Blog Post: Character Education Standards

Six Character Education Standards in Search of an Audience
By Ed DeRoche

As you probably know, the Character Education Partnership publishes the eleven principles of effective character education and uses them for identifying schools that qualify for state and national awards (    Based on research and award-winning school practices, we created six standards with quality indicators to help define factors that should be present in a school with an exemplary character education program. Space does not permit a listing of all quality indicators; one example is shown for each standard.

Standard One:
 Mission-Core Values- Goals
Exemplary character education programs have a clear set of core values/virtues, including a mission statement and specific goals that are shared, used, and assessed. 
  • Describe the process that the school’s stakeholders experienced in creating the character education programs core values mission, goals, and expectations.
Standard Two: School Culture   
Exemplary character education programs address a school’s culture and its effectiveness to provide a safe environment, character development, community involvement, and student achievement.
“The National School Climate Council concludes that a positive school climate fosters youth development and learning…(that) includes norms, values, and expectations that support people’s feelings socially, emotionally and physically….”
– R.Sojourner, Character Education Partnership, p.5
  • Describe how school personnel promote and model the mission and core values and ensure a psychologically safe and caring school environment which contributes to a positive school culture.
Standard Three:  Value Formation-Moral Action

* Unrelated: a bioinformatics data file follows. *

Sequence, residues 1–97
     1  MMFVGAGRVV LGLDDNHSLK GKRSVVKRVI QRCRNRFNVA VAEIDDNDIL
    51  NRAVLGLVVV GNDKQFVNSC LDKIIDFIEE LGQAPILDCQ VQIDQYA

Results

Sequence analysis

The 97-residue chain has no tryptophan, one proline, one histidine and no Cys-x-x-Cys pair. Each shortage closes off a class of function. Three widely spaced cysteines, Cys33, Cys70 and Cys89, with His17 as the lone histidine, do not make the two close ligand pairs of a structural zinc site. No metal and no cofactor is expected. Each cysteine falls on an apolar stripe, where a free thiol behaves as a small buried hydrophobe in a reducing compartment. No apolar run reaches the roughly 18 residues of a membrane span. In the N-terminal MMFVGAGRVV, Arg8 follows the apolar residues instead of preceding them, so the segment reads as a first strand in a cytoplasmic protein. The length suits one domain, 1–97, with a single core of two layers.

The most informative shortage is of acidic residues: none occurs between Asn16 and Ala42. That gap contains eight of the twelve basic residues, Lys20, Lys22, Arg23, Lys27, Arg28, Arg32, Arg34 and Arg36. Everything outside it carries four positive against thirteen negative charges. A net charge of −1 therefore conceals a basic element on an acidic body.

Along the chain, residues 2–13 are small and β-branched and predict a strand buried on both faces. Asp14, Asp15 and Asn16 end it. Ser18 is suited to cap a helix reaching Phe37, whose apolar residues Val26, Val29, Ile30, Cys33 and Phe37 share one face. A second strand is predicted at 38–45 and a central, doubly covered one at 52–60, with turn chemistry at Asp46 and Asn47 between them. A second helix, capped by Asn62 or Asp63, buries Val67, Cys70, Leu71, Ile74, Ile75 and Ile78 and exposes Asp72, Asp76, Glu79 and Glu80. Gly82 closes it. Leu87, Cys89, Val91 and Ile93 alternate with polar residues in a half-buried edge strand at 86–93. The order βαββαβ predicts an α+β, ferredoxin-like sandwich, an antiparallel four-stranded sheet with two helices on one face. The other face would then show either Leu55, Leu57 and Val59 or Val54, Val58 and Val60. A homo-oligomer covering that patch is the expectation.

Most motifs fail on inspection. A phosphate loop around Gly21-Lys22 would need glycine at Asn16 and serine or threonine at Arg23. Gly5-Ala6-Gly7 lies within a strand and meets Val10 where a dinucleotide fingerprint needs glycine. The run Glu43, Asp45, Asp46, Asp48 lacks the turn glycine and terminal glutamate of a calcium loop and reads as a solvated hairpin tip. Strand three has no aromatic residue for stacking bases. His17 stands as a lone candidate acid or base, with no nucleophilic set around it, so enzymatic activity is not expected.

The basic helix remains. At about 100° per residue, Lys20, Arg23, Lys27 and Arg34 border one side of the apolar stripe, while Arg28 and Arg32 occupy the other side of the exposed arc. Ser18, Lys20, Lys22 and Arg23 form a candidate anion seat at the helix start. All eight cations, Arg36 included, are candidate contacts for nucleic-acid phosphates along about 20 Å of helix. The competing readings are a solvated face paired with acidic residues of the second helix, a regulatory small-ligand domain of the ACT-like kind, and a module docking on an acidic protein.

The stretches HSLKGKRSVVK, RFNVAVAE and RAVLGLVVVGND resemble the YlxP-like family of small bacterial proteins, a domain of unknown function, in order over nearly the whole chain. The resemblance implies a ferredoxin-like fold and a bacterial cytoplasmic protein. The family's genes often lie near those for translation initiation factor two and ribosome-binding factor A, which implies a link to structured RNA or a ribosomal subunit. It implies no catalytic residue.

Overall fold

Exemplary character education programs nurture and foster students’ interpersonal values (those characterizing the individual’s behavior and attitudes in a wide range of situations and activities); intrapersonal values (those characterizing the individual’s behavior and attitudes toward others, especially as expressed in relation to family, peers, teachers, and persons in the student’s immediate social environment: and civic virtues (those characterizing the individual’s behavior and attitudes toward the community and society).
  • Describe how character development foster students’ self-motivation, self-awareness,social and emotional skills, and ethical problem-solving and decision-making.
Standard Four: Staff Development
Exemplary character education initiatives include professional development training, workshops, seminar, etc. for developing, implementing, and assessing character-building factors such as:  interactive teaching strategies, direct teaching strategies, modeling/mentoring, classroom or behavior management methods, school-wide activities, community service/service learning, and curriculum and programs.
  • Describe the time, resources, and plans that help stakeholders engage in consistent self- and team- development opportunities.  
Standard Five: Curriculum-Programs-Partnerships 
Exemplary character education efforts focus on “integrating character education into the full spectrum of school activities and school life through such means as (a) involvement across curricular topics, discipline practices, after-school activities, and other such school functions; (b) participation by teachers, principals, school staff, parents, and especially students in program design and implementation; and (c) multiple approaches to teaching character (e.g., instruction, modeling, special events, community service, experiential learning).” Institute of Education SciencesWhat Works ClearinghouseU.S. Department of Education
  • Describe how character education is integrated throughout the curriculum and at all grade levels. Specifically, describe how character education is infused in the general curriculum, includes separate units of study and programs; how they are infused throughout the curriculum? How are they addressed in other content areas? 
Standard Six: Assessment/Evaluation
Effective character education programs and initiatives are assessed on a regular basis and school personnel and others use data-driven information to make informed changes and decisions.
  • Describe specific findings and results from assessment efforts that inform stakeholders and others about “what’s working” with regard to such factors as school culture, classroom climate, students’ pro-social and at-risk behaviors, discipline referrals, absentee rates, etc.
For a copy of the Center’s standards listing all “quality indictors,” email us at